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In last week's Barron's, Assif Sameen points out that Indonesia stocks "look tempting."

Assif notes that Indonesia was the only emerging market to rise last year, but since the beginning of 2012, "the Jakarta bourse has been more of a laggard than a leader. Indonesian equities are up 7.1% this year in U.S. dollars, while the MSCI Asia ex-Japan Index has climbed 14% on the same basis."

But Assif noted, "that's about to change for the better," according to a prediction by Ferry Wong, head of Indonesian research at Citigroup:

Even though Jakarta stocks are selling at 13.9 times this year's expected earnings, compared with a five-year average of 12.7 times and the current regional average around 11.5 times.

Though consensus estimates are for corporate earnings to rise, on average, 13.7% this year (after a 28% surge last year), Wong is flagging a more aggressive 19% earnings-growth target.

And dividend investors, take note: Indonesian stocks now yield about 2.5% on average.

What's also interesting is that Wong says the country's property market is "thriving":

The property sector is thriving as increasingly affluent Indonesians buy a new home or upgrade their current one. Indonesian mortgage rates have plunged from 20% a few years ago to 7.5%.

Despite loan-to-value limits of 30%, the "mortgage affordability level has increased 60%" since 2007, says Wong. Moreover, the market is vastly underpenetrated; mortgage debt equals just 15% of the country's gross domestic product, compared with more than 94% in the U.S.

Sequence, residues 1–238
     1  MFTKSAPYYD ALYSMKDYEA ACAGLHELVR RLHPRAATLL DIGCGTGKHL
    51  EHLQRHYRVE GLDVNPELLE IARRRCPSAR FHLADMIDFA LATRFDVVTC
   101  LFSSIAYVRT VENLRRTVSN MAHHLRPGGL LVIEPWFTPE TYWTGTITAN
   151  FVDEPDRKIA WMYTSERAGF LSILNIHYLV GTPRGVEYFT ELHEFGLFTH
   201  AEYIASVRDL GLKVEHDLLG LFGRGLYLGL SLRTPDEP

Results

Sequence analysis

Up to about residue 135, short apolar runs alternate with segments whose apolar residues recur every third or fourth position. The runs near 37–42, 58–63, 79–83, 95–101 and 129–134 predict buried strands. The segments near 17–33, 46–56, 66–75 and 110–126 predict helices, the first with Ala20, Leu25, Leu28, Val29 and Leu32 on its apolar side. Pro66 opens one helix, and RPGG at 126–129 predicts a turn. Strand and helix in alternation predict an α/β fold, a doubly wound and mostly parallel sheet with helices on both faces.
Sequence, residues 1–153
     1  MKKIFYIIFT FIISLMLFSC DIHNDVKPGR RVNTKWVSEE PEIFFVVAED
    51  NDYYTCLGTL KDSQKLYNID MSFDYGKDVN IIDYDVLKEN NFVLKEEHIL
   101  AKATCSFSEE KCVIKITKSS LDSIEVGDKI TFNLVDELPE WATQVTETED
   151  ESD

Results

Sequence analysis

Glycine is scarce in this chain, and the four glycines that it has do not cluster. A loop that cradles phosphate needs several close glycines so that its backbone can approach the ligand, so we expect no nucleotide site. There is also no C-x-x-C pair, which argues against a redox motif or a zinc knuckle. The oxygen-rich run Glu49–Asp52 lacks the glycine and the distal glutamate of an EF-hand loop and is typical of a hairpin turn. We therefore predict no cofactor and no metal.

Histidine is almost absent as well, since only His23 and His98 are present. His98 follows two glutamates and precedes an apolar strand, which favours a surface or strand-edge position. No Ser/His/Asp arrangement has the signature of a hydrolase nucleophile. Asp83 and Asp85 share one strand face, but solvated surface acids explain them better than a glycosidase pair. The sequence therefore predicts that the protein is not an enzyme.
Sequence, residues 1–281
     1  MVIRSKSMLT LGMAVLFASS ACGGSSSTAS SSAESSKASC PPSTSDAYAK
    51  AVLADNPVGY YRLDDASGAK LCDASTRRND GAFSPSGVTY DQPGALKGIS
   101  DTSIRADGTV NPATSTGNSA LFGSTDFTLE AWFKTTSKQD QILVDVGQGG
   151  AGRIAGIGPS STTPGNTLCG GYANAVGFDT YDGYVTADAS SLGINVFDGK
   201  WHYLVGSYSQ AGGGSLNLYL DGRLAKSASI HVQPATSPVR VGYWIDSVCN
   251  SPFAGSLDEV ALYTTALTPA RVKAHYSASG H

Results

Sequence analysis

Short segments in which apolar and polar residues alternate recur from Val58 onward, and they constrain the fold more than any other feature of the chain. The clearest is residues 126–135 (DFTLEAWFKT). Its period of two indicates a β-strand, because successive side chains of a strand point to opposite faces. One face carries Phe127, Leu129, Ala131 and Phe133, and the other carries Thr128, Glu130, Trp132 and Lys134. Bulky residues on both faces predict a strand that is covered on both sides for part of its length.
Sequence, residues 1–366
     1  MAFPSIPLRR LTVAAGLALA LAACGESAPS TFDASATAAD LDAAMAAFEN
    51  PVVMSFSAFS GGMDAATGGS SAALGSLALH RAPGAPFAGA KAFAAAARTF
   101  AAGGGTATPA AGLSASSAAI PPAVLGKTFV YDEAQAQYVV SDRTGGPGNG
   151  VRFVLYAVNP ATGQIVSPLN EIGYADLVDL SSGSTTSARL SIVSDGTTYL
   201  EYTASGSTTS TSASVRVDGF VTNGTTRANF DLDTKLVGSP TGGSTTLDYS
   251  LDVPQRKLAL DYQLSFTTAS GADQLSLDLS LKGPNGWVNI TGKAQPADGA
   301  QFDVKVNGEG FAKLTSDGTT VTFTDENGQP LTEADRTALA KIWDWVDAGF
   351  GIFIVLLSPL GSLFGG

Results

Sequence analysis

Wow! Loan to value ratios of only 30%? Imagine how well the US market would be doing had we not overleveraged our properties so much over the past few decades.

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Investing in an Indonesian ETF:

A resource-rich country that supplies copper, nickel, palm oil, and other commodities - plus has a relatively robust consumer sector - represents an excellent investment opportunity. So that's why I own the Market Vector Indonesia ETF (IDX).

This fund, with a net asset value of about $500 million, offers diversified exposure to a wide range of companies in this growing market. Here's a look at its top 15 holdings, which account for nearly 70% of the fund.

The top 5 holdings, which represent more than 36% of the ETF include:

  • Astra International (OTCPK:PTAIY), which distributes cars, motorcycles and parts.
  • Bank Central Asia (OTCPK:PBCRY), Bank Rakyat Indonesia (OTCPK:BKRKY), and Bank Mandiri (OTCPK:PPERY) provider of both institutional and consumer financing
  • Telekomunikasi, the nation's major telecom company, which recently set up a joint venture with eBay

On a sector basis, the fund's allocation looks like this:

It's certainly true that IDX has underperformed the iShares Emerging Market ETF (EEM) on a year-to-date basis, but over the past three years, IDX has outperformed that ETF by 80% as you can see on these charts:

Sound fundamentals, decent growth

As an exporter of coal, copper, nickel, and palm oil, commodity prices obviously will impact the nation's economy, but as the Barron's article points out, the country has sound macroeconomic fundamentals and will likely benefit from future growth in Asia and the rest of the world.

Source: Indonesia: Laggard This Year, But Long-Term ETF Prospects Look Bright